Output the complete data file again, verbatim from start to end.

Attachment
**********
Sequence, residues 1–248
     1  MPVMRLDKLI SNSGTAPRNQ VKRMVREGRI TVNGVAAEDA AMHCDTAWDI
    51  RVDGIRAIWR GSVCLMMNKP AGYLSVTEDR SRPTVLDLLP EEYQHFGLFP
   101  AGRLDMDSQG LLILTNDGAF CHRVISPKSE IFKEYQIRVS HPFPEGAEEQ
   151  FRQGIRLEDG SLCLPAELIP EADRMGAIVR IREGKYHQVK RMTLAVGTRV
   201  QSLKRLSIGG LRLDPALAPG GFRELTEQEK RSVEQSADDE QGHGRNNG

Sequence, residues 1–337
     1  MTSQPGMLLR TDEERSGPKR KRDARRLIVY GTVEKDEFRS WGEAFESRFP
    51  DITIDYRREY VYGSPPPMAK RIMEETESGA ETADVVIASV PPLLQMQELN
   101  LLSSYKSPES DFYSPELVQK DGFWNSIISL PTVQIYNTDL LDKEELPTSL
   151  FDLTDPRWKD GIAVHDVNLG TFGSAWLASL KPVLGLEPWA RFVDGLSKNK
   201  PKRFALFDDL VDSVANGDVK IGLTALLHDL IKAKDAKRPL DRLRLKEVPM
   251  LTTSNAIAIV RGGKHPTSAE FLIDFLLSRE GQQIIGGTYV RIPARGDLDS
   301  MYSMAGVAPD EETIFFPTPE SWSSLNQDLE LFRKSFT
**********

Sequence, residues 1–248
     1  MPVMRLDKLI SNSGTAPRNQ VKRMVREGRI TVNGVAAEDA AMHCDTAWDI
    51  RVDGIRAIWR GSVCLMMNKP AGYLSVTEDR SRPTVLDLLP EEYQHFGLFP
   101  AGRLDMDSQG LLILTNDGAF CHRVISPKSE IFKEYQIRVS HPFPEGAEEQ
   151  FRQGIRLEDG SLCLPAELIP EADRMGAIVR IREGKYHQVK RMTLAVGTRV
   201  QSLKRLSIGG LRLDPALAPG GFRELTEQEK RSVEQSADDE QGHGRNNG

Sequence, residues 1–337
     1  MTSQPGMLLR TDEERSGPKR KRDARRLIVY GTVEKDEFRS WGEAFESRFP
    51  DITIDYRREY VYGSPPPMAK RIMEETESGA ETADVVIASV PPLLQMQELN
   101  LLSSYKSPES DFYSPELVQK DGFWNSIISL PTVQIYNTDL LDKEELPTSL
   151  FDLTDPRWKD GIAVHDVNLG TFGSAWLASL KPVLGLEPWA RFVDGLSKNK
   201  PKRFALFDDL VDSVANGDVK IGLTALLHDL IKAKDAKRPL DRLRLKEVPM
   251  LTTSNAIAIV RGGKHPTSAE FLIDFLLSRE GQQIIGGTYV RIPARGDLDS
   301  MYSMAGVAPD EETIFFPTPE SWSSLNQDLE LFRKSFT